# Geospatial Analysis

## Working with cartodb_id

The column, `cartodb_id`

, is added to every CARTO table. It is used internally and externally for mapping, infowindows, and a few other things. You can use this column also as a numeric key for every row in your table. Each number, within a table, is a unique reference to a row. If you drop a row, the `cartodb_id`

for that row will not be used again.

#### CARTODB_ID

## Working with the_geom

The primary geometry column in any CARTO table is called, `the_geom`

. When you upload a SHP file, or any other supported file, any geospatial data ends up in this column. The `the_geom`

column is projected in WGS 84 (EPSG:4326), and is built with a spatial index for fast querying and sorting. Geometries are stored in the database in a format called well-known binary. This is useful for many things, but if you want to view your data, it is handy to convert `the_geom`

using ST_AsText or ST_AsGeoJSON. Sometimes it can be useful to turn polygons into points or points into polygons. There are many ways to do this, here are a couple.

#### POLYGON CENTROID

`ST_Centroid`

finds the centroid of any PostGIS geometry, turning say, a POLYGON into a POINT.

#### POINT BUFFER

`ST_Buffer`

pads the outer edge of any geometry by some variable (in this case 0.001). If you add a buffer to POINT you will get a POLYGON.

## About the_geom_webmercator

CARTO uses an invisible column called, `the_geom_webmercator`

, to speed up the rendering of tiles for our mapping services. We are working to deprecate the use of this column, but it will take some time. For now, if you want to run an analysis on your data and then see the result in the Map tab, you need to have a column called `the_geom_webmercator`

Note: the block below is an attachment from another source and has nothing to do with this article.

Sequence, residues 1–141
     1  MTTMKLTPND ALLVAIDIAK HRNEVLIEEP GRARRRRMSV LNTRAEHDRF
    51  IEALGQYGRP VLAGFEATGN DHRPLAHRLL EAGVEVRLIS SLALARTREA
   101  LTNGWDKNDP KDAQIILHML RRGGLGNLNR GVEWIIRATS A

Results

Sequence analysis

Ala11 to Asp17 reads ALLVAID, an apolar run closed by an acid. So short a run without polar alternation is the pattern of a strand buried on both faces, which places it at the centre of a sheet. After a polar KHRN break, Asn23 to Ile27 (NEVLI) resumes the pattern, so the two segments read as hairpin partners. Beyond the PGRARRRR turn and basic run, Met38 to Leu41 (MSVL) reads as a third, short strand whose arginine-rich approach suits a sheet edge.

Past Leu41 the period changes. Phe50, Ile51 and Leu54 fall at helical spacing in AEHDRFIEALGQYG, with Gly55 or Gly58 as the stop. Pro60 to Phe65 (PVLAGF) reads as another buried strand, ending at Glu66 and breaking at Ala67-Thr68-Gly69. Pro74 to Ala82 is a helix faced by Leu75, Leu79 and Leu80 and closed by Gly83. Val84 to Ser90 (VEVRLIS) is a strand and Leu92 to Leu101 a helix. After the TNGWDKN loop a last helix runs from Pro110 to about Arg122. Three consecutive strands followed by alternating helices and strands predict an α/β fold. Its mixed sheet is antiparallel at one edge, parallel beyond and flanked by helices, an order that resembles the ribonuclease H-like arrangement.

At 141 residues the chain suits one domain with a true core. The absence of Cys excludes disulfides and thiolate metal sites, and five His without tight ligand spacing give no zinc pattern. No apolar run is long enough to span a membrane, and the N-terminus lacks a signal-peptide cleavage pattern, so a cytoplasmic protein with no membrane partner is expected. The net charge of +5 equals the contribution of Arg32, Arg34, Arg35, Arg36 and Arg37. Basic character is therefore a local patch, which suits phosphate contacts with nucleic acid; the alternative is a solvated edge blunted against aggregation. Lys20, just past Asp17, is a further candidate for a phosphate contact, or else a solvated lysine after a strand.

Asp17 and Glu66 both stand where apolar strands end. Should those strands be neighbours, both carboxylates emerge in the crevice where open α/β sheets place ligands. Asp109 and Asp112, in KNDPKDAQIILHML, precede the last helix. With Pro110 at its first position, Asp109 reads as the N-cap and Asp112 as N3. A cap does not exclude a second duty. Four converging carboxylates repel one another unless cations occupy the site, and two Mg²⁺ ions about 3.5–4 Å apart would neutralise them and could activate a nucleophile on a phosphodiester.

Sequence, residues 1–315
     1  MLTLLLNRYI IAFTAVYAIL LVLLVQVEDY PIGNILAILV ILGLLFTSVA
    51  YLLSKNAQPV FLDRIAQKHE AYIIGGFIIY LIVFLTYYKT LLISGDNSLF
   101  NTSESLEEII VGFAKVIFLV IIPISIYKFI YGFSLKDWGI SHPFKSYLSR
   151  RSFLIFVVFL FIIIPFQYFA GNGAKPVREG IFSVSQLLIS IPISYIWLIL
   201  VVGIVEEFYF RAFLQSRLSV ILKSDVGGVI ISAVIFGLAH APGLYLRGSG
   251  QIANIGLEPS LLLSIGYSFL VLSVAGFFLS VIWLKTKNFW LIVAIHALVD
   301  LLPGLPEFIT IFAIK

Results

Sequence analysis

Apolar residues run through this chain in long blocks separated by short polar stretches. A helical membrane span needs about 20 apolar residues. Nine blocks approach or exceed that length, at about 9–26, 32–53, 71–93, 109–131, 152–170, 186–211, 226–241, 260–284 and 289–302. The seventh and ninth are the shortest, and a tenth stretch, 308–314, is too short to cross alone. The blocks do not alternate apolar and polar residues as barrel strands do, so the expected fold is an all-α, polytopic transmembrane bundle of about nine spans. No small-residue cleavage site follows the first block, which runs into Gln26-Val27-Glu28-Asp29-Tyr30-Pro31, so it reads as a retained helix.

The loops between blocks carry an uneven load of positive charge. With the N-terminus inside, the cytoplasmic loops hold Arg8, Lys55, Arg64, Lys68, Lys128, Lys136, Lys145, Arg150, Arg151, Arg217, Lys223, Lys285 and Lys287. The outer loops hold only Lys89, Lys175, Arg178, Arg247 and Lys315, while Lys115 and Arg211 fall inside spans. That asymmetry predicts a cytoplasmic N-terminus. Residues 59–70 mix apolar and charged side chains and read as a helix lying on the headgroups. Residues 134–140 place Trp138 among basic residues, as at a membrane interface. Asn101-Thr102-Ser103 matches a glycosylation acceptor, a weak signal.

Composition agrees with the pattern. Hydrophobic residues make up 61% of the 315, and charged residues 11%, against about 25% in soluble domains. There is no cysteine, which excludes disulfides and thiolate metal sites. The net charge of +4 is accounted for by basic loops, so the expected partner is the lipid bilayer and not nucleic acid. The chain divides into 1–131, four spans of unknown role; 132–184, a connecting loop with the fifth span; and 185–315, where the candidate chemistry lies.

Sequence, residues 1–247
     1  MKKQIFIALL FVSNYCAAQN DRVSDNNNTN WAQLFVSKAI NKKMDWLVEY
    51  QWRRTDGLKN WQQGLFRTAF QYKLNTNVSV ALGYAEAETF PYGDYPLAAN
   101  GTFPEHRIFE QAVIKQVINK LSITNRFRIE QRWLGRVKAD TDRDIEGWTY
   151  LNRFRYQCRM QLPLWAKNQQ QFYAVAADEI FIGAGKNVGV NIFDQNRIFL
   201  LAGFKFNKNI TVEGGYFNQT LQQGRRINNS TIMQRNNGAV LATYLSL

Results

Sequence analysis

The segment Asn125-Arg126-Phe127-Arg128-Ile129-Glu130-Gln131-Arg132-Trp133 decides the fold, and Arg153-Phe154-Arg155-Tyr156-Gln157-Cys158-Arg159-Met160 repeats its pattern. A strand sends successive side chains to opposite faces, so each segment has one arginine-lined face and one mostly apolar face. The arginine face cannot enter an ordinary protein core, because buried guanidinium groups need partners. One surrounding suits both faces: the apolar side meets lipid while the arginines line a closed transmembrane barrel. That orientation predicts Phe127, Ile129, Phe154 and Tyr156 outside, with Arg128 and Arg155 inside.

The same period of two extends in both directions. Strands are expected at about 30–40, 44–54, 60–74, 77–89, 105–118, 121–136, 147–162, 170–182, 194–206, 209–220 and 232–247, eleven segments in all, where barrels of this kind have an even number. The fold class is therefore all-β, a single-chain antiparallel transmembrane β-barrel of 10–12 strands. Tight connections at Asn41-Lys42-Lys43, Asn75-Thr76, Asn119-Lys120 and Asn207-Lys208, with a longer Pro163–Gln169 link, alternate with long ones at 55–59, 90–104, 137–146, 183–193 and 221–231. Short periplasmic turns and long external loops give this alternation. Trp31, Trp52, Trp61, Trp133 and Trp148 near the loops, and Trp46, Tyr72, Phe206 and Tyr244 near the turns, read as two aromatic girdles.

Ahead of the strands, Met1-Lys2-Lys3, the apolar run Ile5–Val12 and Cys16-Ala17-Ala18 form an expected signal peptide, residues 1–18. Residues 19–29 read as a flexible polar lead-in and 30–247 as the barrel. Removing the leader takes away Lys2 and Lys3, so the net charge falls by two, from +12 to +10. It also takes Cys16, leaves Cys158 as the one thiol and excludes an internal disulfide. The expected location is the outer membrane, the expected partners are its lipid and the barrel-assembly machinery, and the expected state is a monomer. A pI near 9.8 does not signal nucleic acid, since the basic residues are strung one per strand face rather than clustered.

in the result. The `the_geom_webmercator`

column is the same geometry as your `the_geom`

column but projected in Web Mercator (EPSG:3857). Any operation you run on `the_geom`

, can be wrapped in a ST_Transform function to reproject it. If you tell PostgreSQL to call the result of that reprojection, `the_geom_webmercator`

, the Maps API and tiler will work perfectly.

#### THE_GEOM_WEBMERCATOR

Here we buffer our point geometry, then translate the result to EPSG:3857 and finally, report it in a column called `the_geom_webmercator`

.

## Creating a Point from Latitude and Longitude

Often times you will want to turn a numerical latitude and longitude into a projected geometry in PostGIS. This can be handy for geospatial queries, or simply for storing and updating your data. To do this, you will first have to make a POINT and second, set its projection SRID.

#### CREATE POINT

First, we created a point. Remember, PostGIS always expects longitude followed by latitude. Next, we use the ST_SetSRID function to apply EPSG:4326 to our new POINT.

## Calculate Area of a Polygon

Knowing the size of a polygon can be very useful. PostGIS works in coordinate systems, so anytime you calculate distances and sizes in PostGIS, be aware that it may be in the units of the coordinate system. You can use geography types to have PostGIS quickly convert those results into more familiar meters.

#### POLYGON SIZE

First, we recast the geometry to a geography type, this lets us calculate area in meters. Next, we run the ST_Area function to return the size of the polygon.

## Spatial Intersection of Two Tables

Very similar to the JOIN performed above, spatial intersections can be used to join data based on spatial conditions such as overlap, exclusion, or contains.

#### GEOGRAPHIC JOINS

This use of ST_Intersects allows you to JOIN the data from two tables at each point where the geometry of the first intersects the geometry of the second. This is a geometric variation of the common join in PostgreSQL.

## Measuring Distance

Measuring distance has the same consideration as measuring size: knowing what units the measurement is in. You can use the same *geography* typing trick as we used above to measure area. Then you just have to use a simple PostGIS function, ST_Distance, to get a distance in meters.

#### DISTANCE

Here, we measure the distance from our geometry, *the_geom*, and a geometry we make on the fly, in this case a point in New York City.